Another issue to be addressed is that of Theatre Arts-Industry interface, that, "Here, issues to be interrogated are the seemingly unspanable chasm between academic industry; the imperative for industrial attachment as one of the integral components of Theatre/Dramatic Arts programme; modalities for integrating the industrial attachment provision ( where it already exists) into the training structure of the ITF ( Industrial Training Fund) – which will, in effect mean that what applies to other industry-related disciplines will apply to Theatre/Dramatic/Performing Arts: that both students and supervisors on IT automatically become eligible for the statutory stipend paid by ITF."

Also, the meeting is expected to come up with a template for professorial assessment in theatre arts, which will be in addition to what may be the general criteria of individual universities and a communiqué will be issued, which will form the basis for a dialogue with the Nigerian Universities Commission (NUC).

Meanwhile, despite critical challenges envisaged, the leadership of SONTA remains committed to hosting the meeting and has assured of a secured accommodation arrangement on rebate with Cossy Resort Hotel, Plot 9/10, Customs Layout, opposite University of Abuja Teaching Hospital, Gwagwalada, Abuja, the Federal Capital Territory.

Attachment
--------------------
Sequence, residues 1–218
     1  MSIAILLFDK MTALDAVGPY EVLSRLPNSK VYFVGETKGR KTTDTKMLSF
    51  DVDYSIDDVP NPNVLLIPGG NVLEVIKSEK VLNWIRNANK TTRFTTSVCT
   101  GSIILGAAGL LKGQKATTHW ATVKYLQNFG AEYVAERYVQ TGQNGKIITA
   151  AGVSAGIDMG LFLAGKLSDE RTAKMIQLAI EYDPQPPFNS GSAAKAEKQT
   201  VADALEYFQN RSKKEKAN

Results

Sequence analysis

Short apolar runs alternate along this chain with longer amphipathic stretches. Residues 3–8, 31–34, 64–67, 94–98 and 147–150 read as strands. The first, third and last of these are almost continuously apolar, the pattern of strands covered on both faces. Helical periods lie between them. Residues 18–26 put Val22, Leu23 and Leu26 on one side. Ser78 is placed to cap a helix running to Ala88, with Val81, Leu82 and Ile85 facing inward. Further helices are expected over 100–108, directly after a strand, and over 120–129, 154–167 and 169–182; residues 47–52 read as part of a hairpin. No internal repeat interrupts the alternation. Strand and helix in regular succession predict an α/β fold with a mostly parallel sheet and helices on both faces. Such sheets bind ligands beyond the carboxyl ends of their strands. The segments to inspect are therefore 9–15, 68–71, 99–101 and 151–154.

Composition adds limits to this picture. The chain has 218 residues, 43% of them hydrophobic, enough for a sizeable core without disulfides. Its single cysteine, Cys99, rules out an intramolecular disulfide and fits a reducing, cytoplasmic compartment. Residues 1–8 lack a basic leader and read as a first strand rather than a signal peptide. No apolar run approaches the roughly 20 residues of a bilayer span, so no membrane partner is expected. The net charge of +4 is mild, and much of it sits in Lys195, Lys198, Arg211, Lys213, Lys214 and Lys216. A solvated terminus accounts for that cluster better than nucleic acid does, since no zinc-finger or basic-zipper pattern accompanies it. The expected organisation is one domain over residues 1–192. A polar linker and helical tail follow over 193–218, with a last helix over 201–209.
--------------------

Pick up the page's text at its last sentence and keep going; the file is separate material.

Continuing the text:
In all, about sixty three (63) Professors of Theatre Arts from Nigerian Universities are expected to be in attendance while five (5) other known authorities in the theatre arts profession, including the Executive Secretary of the National Institute for Cultural Orientation (NICO), Dr. Barclays Foubiri Ayakoroma, an Associate Professor with Nasarawa State University, Keffi (NSUK) are scheduled to be observers at the meeting.

Caleb Nor

Corporate Affairs Unit


NICO’s Seminar In Cultural Diplomacy – An Expose On How To Showcase Nigeria To The World

Written by Dr. Barclays Posted in nico news

Nigeria is not just a geographical entity with abundant oil wealth, hampered by security challenges and under-achievements but has, unarguably, the highest conglomeration of people in Africa with diverse and rich cultural heritages to excite the rest of the world.

This was focal point of the maiden edition of a 2-Day Seminar on Cultural Diplomacy organised by the National Institute for Cultural Orientation (NICO) Training School held in the Lecture Hall II of the Institute’s Training School complex, National Theatre Annex, Iganmu-Lagos, beginning from Tuesday, 27th October, 2015.

Dr. Barclays Foubiri Ayakoroma, NICO’s Executive Secretary and Visiting Associate Professor, Nasarawa State University, Keffi (NSUK), who is the course lecturer that initiated the event, kick-started the seminar sessions, informing the August audience that the NICO Seminar on Cultural Diplomacy is designed to improve the public presentation proficiency of students in order to enhance their competence as cultural communicators before the media and other culture stakeholders.